A Virginia Reader On The Day Kennedy Died—And The Consquences
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Re: Hugh McInnish’s  Fifty Years Ago Today: How An Alabama High School Received The News Of Kennedy’s Assassination

From: Vincent Chiarello (e-mail him)

The day President Kennedy was murdered, November 22, 1963, is to many of a certain age – mine – similar to what an earlier generation experienced on the day in which the US Naval base at Pearl Harbor was bombed on December 7th, 1941.  The events of those particular days are indelibly etched in our collective minds, and many can, to this day, recall exactly where he was and what he was doing when he heard the news of the president’s death.

Mr. McInnish was in the faculty lounge; I was teaching a high school class in World History, but aside from the immediate differences in school and place, there is a similarity of results a half century after the president’s death.

The New York City high school in which I taught consisted of a student body that was notably better academically prepared save those that required an examination for entry; well over 90% of the graduating body went on to college, many to the vaunted Ivy schools. Blacks composed less than 5% of the student body; Hispanics 1%, if that. One sign of that academic achievement mentality was that the school fielded no football team; athletics were of secondary importance, but Advanced Placement classes existed in all major academic areas: I taught the Advanced Placement course in European History.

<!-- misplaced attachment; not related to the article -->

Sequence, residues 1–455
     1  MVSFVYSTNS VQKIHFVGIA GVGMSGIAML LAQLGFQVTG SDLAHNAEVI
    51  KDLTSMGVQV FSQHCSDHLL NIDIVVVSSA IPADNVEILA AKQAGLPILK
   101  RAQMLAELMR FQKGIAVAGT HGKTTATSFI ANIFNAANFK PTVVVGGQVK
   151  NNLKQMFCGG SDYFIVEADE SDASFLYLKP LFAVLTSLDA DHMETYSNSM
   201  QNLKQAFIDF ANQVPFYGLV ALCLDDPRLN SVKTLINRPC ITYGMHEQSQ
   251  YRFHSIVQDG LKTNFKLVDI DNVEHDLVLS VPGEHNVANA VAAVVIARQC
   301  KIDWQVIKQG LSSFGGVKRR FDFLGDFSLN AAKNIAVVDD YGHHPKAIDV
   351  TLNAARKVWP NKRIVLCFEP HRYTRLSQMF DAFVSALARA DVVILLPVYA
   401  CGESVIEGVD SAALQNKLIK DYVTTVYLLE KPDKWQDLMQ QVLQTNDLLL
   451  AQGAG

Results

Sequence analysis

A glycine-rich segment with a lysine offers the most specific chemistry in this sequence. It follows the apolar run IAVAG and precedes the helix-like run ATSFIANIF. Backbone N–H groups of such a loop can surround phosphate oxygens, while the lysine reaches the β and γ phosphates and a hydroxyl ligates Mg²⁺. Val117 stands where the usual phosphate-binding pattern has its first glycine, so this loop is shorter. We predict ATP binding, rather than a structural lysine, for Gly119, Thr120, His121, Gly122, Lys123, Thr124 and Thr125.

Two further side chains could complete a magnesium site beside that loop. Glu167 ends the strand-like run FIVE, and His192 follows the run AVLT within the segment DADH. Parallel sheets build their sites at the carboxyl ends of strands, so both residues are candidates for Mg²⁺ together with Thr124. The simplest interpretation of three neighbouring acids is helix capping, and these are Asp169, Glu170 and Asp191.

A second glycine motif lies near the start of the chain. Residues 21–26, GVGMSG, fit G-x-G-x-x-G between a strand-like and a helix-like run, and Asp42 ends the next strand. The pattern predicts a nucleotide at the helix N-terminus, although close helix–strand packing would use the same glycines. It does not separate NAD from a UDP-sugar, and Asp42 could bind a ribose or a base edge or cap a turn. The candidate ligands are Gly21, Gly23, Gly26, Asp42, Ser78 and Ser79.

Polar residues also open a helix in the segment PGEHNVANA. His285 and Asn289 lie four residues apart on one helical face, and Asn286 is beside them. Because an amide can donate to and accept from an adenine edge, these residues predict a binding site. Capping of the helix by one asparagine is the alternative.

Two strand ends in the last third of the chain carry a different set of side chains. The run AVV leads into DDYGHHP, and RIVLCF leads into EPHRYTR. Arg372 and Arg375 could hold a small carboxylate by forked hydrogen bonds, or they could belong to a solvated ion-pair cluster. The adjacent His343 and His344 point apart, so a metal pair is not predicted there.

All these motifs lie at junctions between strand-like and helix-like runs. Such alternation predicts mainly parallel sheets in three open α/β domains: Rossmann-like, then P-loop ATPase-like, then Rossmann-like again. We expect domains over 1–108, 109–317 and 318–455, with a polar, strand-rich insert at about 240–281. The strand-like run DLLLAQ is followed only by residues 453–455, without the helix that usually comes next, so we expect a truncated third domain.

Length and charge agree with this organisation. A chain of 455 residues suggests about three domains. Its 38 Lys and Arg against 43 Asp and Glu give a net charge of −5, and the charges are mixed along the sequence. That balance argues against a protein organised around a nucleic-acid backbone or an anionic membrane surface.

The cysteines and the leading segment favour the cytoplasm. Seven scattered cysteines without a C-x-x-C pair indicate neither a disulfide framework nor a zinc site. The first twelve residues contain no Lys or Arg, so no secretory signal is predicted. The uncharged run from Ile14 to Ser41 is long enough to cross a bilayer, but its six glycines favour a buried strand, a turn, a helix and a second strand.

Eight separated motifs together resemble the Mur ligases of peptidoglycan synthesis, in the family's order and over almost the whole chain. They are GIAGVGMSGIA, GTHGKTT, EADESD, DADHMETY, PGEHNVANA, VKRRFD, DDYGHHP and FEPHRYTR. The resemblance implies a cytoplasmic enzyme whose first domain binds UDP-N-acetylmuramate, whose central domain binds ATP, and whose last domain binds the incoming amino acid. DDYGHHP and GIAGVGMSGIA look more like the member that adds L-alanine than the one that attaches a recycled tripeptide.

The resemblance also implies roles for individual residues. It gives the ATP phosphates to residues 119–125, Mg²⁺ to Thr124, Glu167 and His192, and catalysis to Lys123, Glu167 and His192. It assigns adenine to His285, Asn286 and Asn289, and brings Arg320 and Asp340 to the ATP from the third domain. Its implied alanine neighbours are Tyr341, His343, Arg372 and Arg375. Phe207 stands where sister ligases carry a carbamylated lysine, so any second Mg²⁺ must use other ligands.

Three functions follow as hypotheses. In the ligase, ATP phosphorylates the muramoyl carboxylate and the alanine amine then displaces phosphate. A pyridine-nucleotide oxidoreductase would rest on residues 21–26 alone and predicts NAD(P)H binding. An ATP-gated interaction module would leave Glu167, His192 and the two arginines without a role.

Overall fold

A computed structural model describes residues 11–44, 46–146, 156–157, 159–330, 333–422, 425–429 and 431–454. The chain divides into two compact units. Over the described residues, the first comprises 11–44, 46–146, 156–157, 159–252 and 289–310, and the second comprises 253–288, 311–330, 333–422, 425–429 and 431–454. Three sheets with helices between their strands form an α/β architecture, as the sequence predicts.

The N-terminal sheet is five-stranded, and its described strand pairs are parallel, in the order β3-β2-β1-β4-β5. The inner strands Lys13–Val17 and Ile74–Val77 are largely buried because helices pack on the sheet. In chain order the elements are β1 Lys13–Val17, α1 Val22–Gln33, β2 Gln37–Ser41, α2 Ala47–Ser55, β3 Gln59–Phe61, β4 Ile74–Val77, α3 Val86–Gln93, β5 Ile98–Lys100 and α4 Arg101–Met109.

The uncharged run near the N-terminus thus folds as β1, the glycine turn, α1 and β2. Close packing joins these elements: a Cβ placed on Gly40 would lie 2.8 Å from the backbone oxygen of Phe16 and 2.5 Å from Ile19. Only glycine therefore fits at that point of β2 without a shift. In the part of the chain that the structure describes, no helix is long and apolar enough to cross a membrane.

The school was equipped with a public address announcement system that informed us when to recite the Pledge of Allegiance, or other administrative matters. Very rarely were classes interrupted, but on this day that was done twice: first to announce that President Kennedy had been shot; the second, to announce his death. I can recall vividly the effect that the news had on the students in the class: very different from Mr. Mcinnish's Alabama students— several girls began to cry openly.

Beginning in 1967,  busing students into the school began, and the composition, and academic achievement of the school began to change; three years later I left Martin Van Buren High School for a career in the U.S. Foreign Service, a change I never regretted. Still, that day in 1963 at the school is part of my memory’s hard drive and cannot be erased.

Decades later, I happened to pass the high school as the school day ended. What was immediately noticeable was the virtual absence of whites amongst the throng who poured out the doors. Also noticeable were the numbers of Latino, South and East Asian students in those groups, clearly a result of the changing patterns of immigration since 1965.

But in addition I could not help but notice that the school now had erected goal posts on the playing field, for the school now funds and fields a football team.

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